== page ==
Q: What is something happening at CCNM Education portfolio that you are particularly proud of?

I take immense pride in our innovative case-based curriculum, introduced to CCNM’s first-year students in September 2022. This curriculum is meticulously designed to empower our students with cutting-edge knowledge, increased clinical access, and advanced skills to shape them into successful naturopathic doctors who are then able to make significant contributions to both the profession and the broader community.

CCNM provides students with extensive exposure to increasingly complex theory in biomedical sciences, clinical medicine, naturopathic therapeutics, and the art and practice of naturopathic medicine. Clinical education is a hallmark of the naturopathic professional program, allowing for direct and indirect patient management starting early in the program.

Other features of CCNM’s case-based curriculum include:

  • Learning activities that incorporate in-person instruction, practicums, asynchronous structured learning experiences, and online delivery.
  • A case-based design that aligns curriculum content of each course, providing structure and orientation.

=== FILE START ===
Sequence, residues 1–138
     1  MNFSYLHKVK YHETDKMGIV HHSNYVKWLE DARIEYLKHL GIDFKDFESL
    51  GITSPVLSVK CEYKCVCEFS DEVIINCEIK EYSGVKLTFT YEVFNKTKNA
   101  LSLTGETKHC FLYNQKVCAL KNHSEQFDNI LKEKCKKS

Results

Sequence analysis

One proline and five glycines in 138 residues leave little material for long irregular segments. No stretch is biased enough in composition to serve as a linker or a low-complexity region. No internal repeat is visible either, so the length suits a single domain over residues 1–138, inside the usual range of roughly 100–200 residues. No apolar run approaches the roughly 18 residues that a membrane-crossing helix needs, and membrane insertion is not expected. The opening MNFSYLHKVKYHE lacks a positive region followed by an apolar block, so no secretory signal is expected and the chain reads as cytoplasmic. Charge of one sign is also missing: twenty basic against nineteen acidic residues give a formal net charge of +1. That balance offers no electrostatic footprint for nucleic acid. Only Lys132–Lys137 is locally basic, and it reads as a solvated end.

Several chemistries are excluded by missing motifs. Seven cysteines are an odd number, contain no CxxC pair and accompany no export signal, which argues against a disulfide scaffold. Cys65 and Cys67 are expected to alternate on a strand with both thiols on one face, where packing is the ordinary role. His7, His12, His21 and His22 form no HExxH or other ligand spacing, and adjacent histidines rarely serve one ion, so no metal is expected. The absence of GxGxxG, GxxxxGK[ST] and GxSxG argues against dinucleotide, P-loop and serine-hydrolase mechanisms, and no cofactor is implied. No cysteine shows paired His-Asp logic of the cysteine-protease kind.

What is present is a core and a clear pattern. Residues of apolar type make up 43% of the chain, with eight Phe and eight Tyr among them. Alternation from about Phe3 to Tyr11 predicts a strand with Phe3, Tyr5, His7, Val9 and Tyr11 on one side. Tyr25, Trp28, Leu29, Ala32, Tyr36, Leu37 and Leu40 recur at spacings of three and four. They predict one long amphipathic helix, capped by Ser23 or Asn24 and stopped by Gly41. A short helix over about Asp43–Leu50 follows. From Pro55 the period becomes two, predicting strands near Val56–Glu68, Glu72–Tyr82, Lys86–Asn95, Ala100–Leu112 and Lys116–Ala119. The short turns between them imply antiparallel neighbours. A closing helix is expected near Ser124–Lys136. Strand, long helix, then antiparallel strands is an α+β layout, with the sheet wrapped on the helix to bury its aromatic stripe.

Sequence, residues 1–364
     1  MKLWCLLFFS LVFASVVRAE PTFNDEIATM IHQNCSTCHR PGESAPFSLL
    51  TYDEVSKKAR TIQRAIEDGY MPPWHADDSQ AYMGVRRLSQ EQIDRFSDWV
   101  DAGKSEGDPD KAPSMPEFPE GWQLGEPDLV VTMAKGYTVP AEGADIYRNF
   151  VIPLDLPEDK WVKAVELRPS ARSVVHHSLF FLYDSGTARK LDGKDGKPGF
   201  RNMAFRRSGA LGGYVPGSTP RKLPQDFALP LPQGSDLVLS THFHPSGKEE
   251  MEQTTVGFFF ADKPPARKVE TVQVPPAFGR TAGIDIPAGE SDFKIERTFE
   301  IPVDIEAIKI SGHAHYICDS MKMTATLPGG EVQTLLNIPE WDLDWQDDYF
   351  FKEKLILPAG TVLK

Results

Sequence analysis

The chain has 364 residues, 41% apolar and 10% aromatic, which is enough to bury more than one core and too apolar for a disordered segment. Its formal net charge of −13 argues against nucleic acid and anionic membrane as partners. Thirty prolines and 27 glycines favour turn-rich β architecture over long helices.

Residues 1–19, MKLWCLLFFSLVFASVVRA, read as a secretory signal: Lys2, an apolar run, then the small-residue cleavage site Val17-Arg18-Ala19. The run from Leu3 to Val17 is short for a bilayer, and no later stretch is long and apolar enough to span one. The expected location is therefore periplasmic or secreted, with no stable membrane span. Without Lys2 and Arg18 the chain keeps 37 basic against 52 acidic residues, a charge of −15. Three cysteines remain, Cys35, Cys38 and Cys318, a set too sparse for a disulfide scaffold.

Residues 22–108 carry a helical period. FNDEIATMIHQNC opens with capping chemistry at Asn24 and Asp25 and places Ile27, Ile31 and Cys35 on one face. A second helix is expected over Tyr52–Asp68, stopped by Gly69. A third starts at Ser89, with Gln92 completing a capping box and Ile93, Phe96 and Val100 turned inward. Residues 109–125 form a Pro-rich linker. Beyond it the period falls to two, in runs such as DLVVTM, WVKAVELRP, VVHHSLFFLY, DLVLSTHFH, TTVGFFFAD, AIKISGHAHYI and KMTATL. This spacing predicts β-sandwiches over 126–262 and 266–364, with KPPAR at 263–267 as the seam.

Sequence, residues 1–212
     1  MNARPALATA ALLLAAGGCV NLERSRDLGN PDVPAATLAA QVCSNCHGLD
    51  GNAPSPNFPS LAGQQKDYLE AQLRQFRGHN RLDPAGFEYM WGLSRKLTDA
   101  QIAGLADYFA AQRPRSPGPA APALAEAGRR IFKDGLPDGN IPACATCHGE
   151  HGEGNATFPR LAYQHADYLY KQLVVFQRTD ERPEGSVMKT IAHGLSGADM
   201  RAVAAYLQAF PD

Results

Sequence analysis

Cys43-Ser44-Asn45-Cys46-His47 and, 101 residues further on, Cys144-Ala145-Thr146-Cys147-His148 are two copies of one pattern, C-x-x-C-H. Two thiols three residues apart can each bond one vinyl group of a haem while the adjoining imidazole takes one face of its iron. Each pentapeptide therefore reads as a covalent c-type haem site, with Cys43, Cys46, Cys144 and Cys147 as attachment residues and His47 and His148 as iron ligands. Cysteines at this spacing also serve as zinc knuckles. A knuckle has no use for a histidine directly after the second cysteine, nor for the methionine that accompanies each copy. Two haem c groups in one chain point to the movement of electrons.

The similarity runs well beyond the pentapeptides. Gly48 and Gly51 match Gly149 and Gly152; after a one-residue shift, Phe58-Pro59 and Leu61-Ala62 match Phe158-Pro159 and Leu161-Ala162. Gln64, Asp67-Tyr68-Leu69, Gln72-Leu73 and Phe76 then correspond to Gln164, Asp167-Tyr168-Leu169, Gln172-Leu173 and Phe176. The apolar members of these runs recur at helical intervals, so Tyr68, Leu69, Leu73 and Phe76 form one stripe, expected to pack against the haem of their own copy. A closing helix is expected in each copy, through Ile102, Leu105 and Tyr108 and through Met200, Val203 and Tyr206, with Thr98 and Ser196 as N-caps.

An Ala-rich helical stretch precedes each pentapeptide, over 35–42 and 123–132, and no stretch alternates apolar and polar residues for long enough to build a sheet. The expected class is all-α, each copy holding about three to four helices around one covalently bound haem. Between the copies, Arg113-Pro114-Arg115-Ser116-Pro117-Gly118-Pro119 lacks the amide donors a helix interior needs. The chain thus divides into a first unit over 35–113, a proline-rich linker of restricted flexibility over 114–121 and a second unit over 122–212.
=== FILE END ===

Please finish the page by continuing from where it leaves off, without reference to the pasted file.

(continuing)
• Curricular integration featuring six larger umbrella courses, with each acting as a synthesis of curricula from smaller, more specific disciplines.
  • Elective content that enables students to personalize their educational experience with in-depth studies into a particular area of focus.
  • Clinic education that starts earlier in the program to highlight the connection between theory and practice, and explore clinical issues in a deep and reflective manner over four years.


Q: CCNM recently became an Institutional Member at the CFD.  What does this collaboration and connection with the CFD mean to you?

We appreciate this partnership that allows our faculty to further engage within the health-care sector. The opportunity to participate in workshops, communities of practice, events, rounds, and other programming gives our faculty new learning options and the chance to collaborate and share ideas with other health-care providers from the educational field.

It is also more than that. Being a member of this community of educators is such a crucial component of what we strive to achieve at CCNM. A large part of what makes CCNM special and successful is the human connection, and my hope is that our faculty will have opportunities to grow with the wider CFD community and form lasting relationships as they have at CCNM.